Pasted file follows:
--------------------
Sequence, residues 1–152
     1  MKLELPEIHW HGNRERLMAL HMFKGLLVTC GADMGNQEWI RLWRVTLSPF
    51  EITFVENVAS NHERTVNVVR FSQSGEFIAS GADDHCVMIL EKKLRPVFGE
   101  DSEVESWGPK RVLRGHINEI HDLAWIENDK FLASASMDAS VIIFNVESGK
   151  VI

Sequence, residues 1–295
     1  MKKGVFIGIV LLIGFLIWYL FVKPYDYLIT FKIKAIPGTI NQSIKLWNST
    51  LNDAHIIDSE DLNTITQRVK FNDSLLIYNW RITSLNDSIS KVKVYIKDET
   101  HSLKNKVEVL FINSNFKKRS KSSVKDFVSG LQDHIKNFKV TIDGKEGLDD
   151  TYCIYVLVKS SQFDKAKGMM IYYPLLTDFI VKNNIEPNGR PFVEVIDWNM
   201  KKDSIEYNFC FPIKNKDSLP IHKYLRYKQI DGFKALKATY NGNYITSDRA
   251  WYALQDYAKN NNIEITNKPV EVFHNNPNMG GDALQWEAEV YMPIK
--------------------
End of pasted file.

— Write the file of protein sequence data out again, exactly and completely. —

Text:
Sequence, residues 1–152
     1  MKLELPEIHW HGNRERLMAL HMFKGLLVTC GADMGNQEWI RLWRVTLSPF
    51  EITFVENVAS NHERTVNVVR FSQSGEFIAS GADDHCVMIL EKKLRPVFGE
   101  DSEVESWGPK RVLRGHINEI HDLAWIENDK FLASASMDAS VIIFNVESGK
   151  VI

Sequence, residues 1–295
     1  MKKGVFIGIV LLIGFLIWYL FVKPYDYLIT FKIKAIPGTI NQSIKLWNST
    51  LNDAHIIDSE DLNTITQRVK FNDSLLIYNW RITSLNDSIS KVKVYIKDET
   101  HSLKNKVEVL FINSNFKKRS KSSVKDFVSG LQDHIKNFKV TIDGKEGLDD
   151  TYCIYVLVKS SQFDKAKGMM IYYPLLTDFI VKNNIEPNGR PFVEVIDWNM
   201  KKDSIEYNFC FPIKNKDSLP IHKYLRYKQI DGFKALKATY NGNYITSDRA
   251  WYALQDYAKN NNIEITNKPV EVFHNNPNMG GDALQWEAEV YMPIK